I have needed to have this conversation for fifty-seven long years, and I just don’t have the time to be pulled aside and distracted by the needs of my male friends, no matter how loving and supportive they are. Guys, you’re on your own for a while. I am not available to tend to your wishes (talking to you right now), wants (worrying over your feelings), and desires (to see you as heroes). I’m busy with more important stuff. Talk amongst yourselves and look within for answers. I see and recognize your statements of support, and somewhere deep inside me I thank you for them. But I don’t want to talk to you, not at the moment.

I, and all women, must have this time to ourselves to mourn our dead and missing, to identify and localize horrific current events, to finally come to terms with the unfathomable depth of misogyny running through the cultures of the world. We need to self-identify and help our resistant sisters to lift the veil of our male centered societies from their eyes. We will heal from this and rise stronger, ready to reach out to allies and take up the intense struggle necessary to secure the safety of every, yes, all women.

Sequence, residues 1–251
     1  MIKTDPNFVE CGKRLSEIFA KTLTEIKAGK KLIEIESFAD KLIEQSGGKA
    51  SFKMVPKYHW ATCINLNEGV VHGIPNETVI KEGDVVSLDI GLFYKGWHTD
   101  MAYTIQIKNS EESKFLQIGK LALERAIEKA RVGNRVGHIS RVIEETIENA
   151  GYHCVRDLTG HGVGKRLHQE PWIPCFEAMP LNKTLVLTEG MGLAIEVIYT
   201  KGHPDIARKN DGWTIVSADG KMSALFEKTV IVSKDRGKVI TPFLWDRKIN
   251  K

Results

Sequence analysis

And in an ironically infuriating addendum, I must report that the #YesAllWomen HT is being abandoned because its creator has been frightened sufficiently to request no one post to it any longer. Crazy people are making insane threats to her, and her family’s, safety. Her situation has become a stark example of why we need to tell our stories and reclaim our strength, synergizing courage in numbers.

#EachEveryWoman is an excellent place to be right now.